446474 tn?1446347682
Harry, remember a biopsy is "the gold standard" for determining the status of your liver. It is really a very simple and relatively painless procedure. There was a recent thread about the biopsy procedure that you may want to read to get peoples different points of view as far as their experiences are concerned.

The information a biopsy can give you is invaluable as far as knowing IF and WHEN you should treat. It tells you where you are in the progression of you liver disease, which is caused by HCV. For me it really gives me peace of mind knowing where I stand. Even having cirrhosis. I know what symptoms to look for as my disease progresses further. So I am much better able to monitor my own health from what I learned from my biopsy.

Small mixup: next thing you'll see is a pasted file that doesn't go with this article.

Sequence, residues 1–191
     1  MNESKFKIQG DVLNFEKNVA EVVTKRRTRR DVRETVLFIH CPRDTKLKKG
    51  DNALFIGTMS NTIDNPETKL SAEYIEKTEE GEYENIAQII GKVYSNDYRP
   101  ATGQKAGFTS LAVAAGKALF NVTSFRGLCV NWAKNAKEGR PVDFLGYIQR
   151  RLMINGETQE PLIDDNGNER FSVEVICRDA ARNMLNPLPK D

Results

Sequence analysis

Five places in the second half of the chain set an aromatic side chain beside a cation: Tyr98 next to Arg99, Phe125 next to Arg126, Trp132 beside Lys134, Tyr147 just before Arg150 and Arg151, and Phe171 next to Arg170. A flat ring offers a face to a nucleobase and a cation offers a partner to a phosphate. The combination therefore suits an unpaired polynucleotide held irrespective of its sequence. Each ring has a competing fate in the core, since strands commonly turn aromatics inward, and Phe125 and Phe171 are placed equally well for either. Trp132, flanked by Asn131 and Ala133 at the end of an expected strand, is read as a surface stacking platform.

For you, you want to know what Stage you are at so you will know if you need to treat or if you can wait for newer more effective treatments to be available.

Harry, please don't wait until you are Stage 4 like me. You future options become a lot more limited once you become cirrhotic.

Best of luck with you doctor visit. Let us know what happens.
Avatar universal
The problem with  aspirin is the risk of bleeding. With risk of cirrhosis and complication which come along with it you do not want to risk bleeding from an internal source.
Avatar universal
Thanks so much Hector.  I will probably opt for a Biopsy so, as you put it, I will know where I stand and how far along I am.  I know I have a pretty high Viral load, i think over 5 million copies.  I think my strain is 2B if memory serves me well.  I will let you know how my doc visit goes on July 18.  Thanks again for all of your help.